For the April 2016 events, click here.In an earlier post, I drew your attention to the fact that largest planet Jupiter — the bright ‘star’ currently visible low in the east at dusk — will be closest to the Earth on the evening of Tuesday, 8 March. So, if you haven’t done so already, now is the time to ensure that your telescope is clean and collimated (aligned) to deliver the sharpest images of this visually rewarding planet at its best.
As if to mark the occasion of Jupiter at opposition, the planet’s large Galilean moons indulge in a little celebratory dance as the shadows of Io and Europa appear simultaneously on the Jovian cloud tops from 12:28am to 1:57am GMT on 8 March. The image above simulates the telescope view mid-event.
Simultaneous shadow transits of Io and Europa on Jupiter also occur on Tuesday, 15 March (2:22am to 4:33am GMT), Tuesday, 22 March (4:22am GMT until twilight interferes) and on Friday, 25 March (after twilight fades to 7:28pm GMT).Multiple shadow transits of Io and largest Galilean moon Ganymede are also visible from the UK (weather permitting) this month. These occur on Wednesday, 9 March (6:56pm to 7:09pm GMT), Wednesday, 16 March (8:50pm to 11:06pm GMT) and 23/24 March (11:47pm to 12:59am GMT).While the shadows of Jupiter’s moons may be readily viewed with quality instruments of 3-inch (7.5-centimetre) aperture at powers of 100x or more when the seeing is good, don’t overlook the planet’s complex weather systems. The easiest cloud features to see (even in very small telescopes) are the North and South Equatorial Belts (NEB and SEB) — the two darker bands that lie either side of Jupiter’s equator. Owners of 6-inch (15-centimetre) aperture and larger telescopes may wish to look for smaller structures and subtle colours in the planet’s ever-churning storms.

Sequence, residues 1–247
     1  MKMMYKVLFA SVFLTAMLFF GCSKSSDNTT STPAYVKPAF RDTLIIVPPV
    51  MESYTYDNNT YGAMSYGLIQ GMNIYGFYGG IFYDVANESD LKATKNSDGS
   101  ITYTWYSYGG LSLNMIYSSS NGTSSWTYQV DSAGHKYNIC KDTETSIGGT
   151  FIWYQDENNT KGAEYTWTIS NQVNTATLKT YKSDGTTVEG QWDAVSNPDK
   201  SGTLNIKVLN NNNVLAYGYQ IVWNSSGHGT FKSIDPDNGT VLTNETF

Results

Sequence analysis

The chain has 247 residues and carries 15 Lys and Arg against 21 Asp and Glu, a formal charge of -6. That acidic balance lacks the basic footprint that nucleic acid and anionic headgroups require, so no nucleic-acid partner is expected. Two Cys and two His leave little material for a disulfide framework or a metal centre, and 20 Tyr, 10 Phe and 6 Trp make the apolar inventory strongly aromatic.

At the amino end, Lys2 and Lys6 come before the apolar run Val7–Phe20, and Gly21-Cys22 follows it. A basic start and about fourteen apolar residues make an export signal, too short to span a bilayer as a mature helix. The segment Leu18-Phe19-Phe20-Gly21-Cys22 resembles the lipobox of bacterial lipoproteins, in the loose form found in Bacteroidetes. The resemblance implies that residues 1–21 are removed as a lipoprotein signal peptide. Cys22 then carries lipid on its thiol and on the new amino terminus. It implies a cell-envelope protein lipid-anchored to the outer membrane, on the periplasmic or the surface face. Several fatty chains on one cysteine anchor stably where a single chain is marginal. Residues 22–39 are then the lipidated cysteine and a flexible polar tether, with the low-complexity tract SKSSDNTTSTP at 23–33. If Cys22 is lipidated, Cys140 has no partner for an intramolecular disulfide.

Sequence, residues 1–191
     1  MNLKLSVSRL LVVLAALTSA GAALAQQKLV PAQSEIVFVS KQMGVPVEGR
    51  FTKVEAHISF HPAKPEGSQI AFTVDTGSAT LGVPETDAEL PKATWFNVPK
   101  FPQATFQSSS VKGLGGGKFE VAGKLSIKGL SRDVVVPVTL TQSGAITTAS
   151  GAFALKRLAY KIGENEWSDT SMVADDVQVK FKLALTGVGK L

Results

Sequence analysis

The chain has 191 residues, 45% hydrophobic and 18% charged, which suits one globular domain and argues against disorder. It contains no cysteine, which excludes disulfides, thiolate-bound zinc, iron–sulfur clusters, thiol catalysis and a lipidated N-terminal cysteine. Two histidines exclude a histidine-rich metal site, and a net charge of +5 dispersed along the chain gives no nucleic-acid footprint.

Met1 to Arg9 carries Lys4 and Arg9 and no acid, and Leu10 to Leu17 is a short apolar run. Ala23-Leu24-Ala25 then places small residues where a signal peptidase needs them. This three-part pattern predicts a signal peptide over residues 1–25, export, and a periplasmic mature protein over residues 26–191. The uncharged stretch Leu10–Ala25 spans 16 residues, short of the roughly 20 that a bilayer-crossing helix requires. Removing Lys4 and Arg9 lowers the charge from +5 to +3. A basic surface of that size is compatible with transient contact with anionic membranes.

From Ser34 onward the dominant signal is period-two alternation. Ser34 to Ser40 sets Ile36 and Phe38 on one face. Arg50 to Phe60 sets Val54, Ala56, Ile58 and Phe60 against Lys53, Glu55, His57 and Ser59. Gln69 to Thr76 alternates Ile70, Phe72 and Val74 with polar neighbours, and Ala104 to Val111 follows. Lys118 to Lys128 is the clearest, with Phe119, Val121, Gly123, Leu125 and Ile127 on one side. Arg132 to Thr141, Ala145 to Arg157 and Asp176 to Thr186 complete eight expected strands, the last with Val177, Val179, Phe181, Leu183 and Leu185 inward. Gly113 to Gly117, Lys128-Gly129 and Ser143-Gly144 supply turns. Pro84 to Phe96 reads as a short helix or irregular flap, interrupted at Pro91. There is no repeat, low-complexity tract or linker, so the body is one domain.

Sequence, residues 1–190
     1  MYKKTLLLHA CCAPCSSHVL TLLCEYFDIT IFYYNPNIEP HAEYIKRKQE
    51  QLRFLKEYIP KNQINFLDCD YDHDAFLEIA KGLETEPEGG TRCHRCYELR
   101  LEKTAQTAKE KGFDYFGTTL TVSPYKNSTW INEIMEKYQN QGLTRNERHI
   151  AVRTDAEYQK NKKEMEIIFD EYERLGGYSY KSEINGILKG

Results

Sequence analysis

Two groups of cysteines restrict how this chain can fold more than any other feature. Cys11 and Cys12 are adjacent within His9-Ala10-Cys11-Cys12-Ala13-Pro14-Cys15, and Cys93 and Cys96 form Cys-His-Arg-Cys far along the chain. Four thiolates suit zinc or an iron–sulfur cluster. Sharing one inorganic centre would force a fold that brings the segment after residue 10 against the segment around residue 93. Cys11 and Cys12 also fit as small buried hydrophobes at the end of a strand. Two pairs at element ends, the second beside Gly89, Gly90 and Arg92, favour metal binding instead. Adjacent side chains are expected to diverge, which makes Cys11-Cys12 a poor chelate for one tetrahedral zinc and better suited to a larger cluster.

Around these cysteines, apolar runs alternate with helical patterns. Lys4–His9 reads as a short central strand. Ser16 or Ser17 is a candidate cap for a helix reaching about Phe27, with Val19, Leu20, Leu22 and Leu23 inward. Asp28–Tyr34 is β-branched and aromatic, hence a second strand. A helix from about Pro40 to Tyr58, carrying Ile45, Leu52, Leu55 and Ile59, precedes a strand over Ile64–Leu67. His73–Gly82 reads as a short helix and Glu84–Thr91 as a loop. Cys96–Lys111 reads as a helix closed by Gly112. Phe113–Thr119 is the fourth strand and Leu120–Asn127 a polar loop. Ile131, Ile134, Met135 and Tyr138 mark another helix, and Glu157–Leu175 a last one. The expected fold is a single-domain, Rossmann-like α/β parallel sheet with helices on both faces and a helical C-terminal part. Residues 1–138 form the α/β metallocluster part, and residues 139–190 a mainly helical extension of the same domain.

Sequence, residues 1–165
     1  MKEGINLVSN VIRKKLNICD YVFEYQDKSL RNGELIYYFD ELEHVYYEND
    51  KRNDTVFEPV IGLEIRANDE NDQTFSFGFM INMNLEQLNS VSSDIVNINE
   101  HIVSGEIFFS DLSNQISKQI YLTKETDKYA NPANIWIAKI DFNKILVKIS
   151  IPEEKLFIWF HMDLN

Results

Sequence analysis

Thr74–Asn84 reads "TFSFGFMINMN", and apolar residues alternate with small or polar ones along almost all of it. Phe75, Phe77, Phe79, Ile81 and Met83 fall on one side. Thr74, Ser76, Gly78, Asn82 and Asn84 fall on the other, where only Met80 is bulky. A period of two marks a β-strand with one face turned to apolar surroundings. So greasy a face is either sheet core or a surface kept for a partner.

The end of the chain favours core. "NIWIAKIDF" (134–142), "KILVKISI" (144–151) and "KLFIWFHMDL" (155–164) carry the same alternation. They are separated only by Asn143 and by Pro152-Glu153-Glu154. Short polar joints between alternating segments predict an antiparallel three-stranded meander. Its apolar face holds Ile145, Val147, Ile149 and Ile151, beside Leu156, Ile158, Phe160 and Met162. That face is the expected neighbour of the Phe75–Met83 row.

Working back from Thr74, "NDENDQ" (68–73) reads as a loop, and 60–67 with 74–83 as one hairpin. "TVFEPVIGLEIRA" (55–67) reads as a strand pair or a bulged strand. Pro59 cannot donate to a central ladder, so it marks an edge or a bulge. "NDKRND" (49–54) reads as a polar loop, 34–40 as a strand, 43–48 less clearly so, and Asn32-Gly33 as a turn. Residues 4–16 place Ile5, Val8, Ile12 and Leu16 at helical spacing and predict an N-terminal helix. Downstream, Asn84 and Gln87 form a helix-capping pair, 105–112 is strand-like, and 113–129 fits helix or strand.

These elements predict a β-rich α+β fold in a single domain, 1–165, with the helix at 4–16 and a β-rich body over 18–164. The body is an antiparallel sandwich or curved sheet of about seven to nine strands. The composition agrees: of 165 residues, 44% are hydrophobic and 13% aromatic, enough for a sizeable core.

Another prominent Jovian weather feature to view is the Great Red Spot (GRS), an anticyclonic storm found just south of the SEB that has been observed for around 400 years. Although it is currently somewhat smaller than in recent years, the GRS presently makes up for that by taking on a distinctly reddish hue, making it easier to see in smaller instruments.The Great Red Spot is easiest to see when it crosses the imaginary line joining Jupiter’s north and south poles that passes through the centre of the planet’s disc. At such times we say that the GRS is ‘in transit’. For observers in the British Isles, conveniently observable transits of the Great Red Spot occur during March on the following dates and GMT times: 6 (2:45am & 10:37pm), 8 (4:23am), 9 (12:14am & 8:06pm), 11 (1:52am & 9:44pm), 13 (3:30am & 11:22pm), 14 (7:13pm), 16 (12:59am & 8:51pm), 18 (2:38am & 10:29pm), 20 (4:16am), 21 (12:07am & 7:58pm), 23 (1:45am & 9:36pm), 25 (3:23am & 11:14pm), [daylight savings starts 27 March], 28 (1:52am & 9:44pm BST), 30 (3:30am & 11:22pm BST).
Predictions for the beginning and end times of individual Galilean shadow transits (which are more common than the double transits highlighted in this article), plus information on their eclipses and occultations for any given date or location in the world, may be obtained through our Almanac.
Note that the Almanac’s predictions of Jovian phenomena use 24-hour Universal Time (UT) — a global time reference based on the rotation of the Earth loosely synonymous with Greenwich Mean Time (GMT). Always ensure that the Daylight Savings Time check-box is ticked if applicable to your date, time and location. For help using the Almanac, see this article.
Inside the magazine
Find out everything you need to know about observing Jupiter at its best and the other planets in the night sky in the March 2016 edition of Astronomy Now.
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